Until someone produces ultra-light dive equipment, packing your gear for a trip away is always going to be a fraught process with ever-increasing baggage fees. Here our panel of industry experts give their hints and advice on this subject.
Many of us love to head off to sunnier climes for a spot of tropical diving, but before we get to enjoy those crystal-clear, bath-tub warm waters, we have to negotiate one of the most-trying aspects of dive travel – packing all of your precious kit, ensuring it is as safe and secure as possible, while trying to avoid being crucified by the increasingly restrictive luggage allowances and over-weight bag fees.
John Kendall, GUE Instructor Trainer, said: “I spend a large portion of my life on aeroplanes travelling to teach classes, and packing for these trips is always hard. I have a couple of rules of thumb that I try and use.
“The first one is to carry your drysuit in hand luggage. There are many things that a dive centre are able to rent or loan you if your luggage doesn't arrive on time, but it is rare for them to have a drysuit that fits you correctly. The other thing that goes in my hand luggage are my lights, as Lithium batteries should generally be hand-carried.
“With airlines constantly charging more and more for luggage, it's important to look at the weight of everything, and that should include the cases/bags that you use. I have on occasion headed to a bag shop with a set of luggage scales. Big hard cases can weight up to 10kgs, so you are using up almost half of your allowance just with the case, so find lighter weight alternatives. I tend to see what heavy equipment the dive centre can provide me with, and will rent items such as backplates or fins (And, in fact, I have several sets of these that I have bought and leave at locations that I regularly visit). Finally, make a list of everything that you need for a trip, and then go through it again and think about every item carefully. You probably don't need a crack-bottle SMB and heavy reel if you are only doing some reef diving in the Caribbean, consider a small SMB and spool instead.”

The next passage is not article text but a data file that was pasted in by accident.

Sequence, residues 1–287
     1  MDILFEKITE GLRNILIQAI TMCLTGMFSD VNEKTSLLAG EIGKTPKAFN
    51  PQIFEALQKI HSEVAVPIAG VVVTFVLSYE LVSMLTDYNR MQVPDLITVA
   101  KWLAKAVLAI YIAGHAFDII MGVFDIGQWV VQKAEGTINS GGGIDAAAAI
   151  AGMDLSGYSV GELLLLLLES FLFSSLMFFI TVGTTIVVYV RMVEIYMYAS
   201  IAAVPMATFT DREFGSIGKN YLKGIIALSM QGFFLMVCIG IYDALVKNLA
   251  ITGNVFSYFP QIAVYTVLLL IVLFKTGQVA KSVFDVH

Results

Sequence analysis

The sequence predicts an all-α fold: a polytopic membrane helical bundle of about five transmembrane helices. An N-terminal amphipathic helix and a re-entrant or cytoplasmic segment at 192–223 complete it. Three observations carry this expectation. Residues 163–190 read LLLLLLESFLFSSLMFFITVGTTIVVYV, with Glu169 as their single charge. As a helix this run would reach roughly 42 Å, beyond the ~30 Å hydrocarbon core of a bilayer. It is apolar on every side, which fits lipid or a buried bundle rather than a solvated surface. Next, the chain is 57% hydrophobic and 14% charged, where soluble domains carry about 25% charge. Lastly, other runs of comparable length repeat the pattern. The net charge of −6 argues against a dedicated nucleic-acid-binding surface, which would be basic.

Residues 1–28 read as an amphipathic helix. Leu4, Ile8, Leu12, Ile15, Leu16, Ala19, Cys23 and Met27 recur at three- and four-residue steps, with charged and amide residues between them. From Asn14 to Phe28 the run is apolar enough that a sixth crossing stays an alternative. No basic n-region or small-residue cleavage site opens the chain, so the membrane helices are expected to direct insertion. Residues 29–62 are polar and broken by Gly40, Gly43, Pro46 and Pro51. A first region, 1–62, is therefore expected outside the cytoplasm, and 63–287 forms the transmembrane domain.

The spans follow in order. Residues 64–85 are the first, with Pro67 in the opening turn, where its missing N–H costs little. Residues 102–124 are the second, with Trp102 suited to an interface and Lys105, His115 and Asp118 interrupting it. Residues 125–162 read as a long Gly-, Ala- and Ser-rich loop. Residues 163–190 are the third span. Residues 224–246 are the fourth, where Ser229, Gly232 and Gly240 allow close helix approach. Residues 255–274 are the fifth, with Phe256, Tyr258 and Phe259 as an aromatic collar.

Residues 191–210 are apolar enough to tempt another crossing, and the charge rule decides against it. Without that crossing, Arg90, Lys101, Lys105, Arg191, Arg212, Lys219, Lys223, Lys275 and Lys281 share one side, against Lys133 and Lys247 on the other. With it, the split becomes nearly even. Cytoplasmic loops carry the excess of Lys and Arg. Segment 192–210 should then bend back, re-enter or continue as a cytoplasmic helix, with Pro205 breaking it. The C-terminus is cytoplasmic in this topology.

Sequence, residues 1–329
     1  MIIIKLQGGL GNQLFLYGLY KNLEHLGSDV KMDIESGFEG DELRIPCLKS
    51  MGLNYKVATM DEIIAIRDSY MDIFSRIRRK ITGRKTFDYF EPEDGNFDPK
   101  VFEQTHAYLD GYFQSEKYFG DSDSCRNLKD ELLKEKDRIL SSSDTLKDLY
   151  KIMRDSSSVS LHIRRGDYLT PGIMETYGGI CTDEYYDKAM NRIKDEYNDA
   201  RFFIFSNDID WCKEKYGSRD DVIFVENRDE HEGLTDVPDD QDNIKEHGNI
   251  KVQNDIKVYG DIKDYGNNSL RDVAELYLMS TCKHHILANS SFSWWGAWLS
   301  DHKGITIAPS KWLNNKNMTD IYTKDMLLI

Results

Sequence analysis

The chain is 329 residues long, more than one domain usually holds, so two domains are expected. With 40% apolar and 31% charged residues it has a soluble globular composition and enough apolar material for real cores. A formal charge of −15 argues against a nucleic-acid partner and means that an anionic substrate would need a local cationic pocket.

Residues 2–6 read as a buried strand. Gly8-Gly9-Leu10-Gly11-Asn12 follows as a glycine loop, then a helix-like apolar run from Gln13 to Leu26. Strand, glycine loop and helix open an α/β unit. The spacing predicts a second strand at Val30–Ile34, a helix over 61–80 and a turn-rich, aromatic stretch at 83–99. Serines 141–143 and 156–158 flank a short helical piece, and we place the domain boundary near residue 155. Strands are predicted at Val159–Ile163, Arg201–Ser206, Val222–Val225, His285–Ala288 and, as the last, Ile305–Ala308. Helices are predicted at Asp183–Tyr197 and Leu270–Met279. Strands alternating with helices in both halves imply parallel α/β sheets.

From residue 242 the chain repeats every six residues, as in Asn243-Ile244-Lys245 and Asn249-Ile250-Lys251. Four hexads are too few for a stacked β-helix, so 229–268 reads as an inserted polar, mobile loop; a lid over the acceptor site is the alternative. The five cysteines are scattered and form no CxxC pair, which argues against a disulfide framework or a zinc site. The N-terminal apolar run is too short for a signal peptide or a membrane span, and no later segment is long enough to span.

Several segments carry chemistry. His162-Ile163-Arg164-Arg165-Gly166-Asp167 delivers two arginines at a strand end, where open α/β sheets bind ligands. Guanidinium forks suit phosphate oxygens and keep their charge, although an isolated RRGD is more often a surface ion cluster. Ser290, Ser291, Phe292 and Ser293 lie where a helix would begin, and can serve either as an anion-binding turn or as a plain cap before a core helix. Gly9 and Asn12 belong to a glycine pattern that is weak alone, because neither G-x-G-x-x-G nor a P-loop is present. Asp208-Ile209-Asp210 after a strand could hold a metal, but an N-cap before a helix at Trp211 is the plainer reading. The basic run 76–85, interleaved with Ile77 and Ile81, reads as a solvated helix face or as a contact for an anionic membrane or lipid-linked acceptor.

Garry Dallas, RAID Rec and Tec Instructor Trainer and Director of Training RAID UK and Malta, said: “Most of us go away to dive our bucket list of fantastic destinations around the world, some more than others. The art of packing takes some consideration and experience, if you want everything intact against the odds of the ruthless baggage handlers.
“A bag is just a bag… right? Let's consider beforehand, some key practical elements in choosing the ideal bag:
- Weight of the bag, volume and durability
- Wheels, carry straps or shoulder harness?
- Hard, holdall or waterproof dive boat bag?
- Adjustable exterior fin straps?
- Compartments inside and out?
“These key points should be taken into account when choosing your luggage so to avoid needing multiple bags. Typically, one 120-litre case/hold-all and a rucksack should be enough for most diver’s holidays.
“Keep in mind while packing, potential problems:
- Damageable items must be padded well.
- If your bag gets lost/delayed at the airport, how important is the equipment?
- Weight allowance on the flight and the size/bulkiness of your equipment.
- The bag’s drying ability.
He continued: “Packing a bag efficiently is key. Pack sturdy stuff around the interior walls of the bag and place the harness/BCD on the base. Compress everything as flat as possible, removing all air and water from the BCD and dry everything – and don't forget to remove weights when repacking!
“Fold neck and wrist seals of drysuit inside the wrists and neck of the suit, place wetsuit/undersuit in a separate lightweight drybag, and carry bin-liners for emergencies.
“Remove all hoses from first stages, plug them both ends and carry them, if weight is an issue. Carry dive computer and mask in hand luggage – it’s most personal! The rest of equipment can be hired easily.
“Finally, place wetsuit/undersuit on top, lace items like regulators inside the folds of your drysuit.”
Martin Robson, PADI TecRec Instructor Trainer, commented: “Make a packing list! Lay everything out before you start packing and check it all works. Don't forget spare O-rings or any specialist spares you might need. Consider sharing spares with someone else on the trip if luggage is limited. If necessary, print out any safety data sheets for items such as batteries.”
PADI UK Regional Manager Matt Clements had some sage advice: “When I am loading the bag I tend to pack BCD first with the fins along the sides, then load the rest inside the slight protection this offers – fin foot pockets are great for more delicate items. Don’t forget spares – it’s amazing how often it will save your dive, or your buddy’s dive.”
PADI Course Director and UK Regional Training Consultant Emily Petley-Jones said: “Keep the box you purchased your mask in and use it. I have seen many people arrive on a dive boat and unpack their kit bags, only to find someone has unceremoniously bashed their bag and shattered their mask. When repacking your bag at the end of a dive trip, make sure the mask (and mask strap) is dry before you put it into storage.”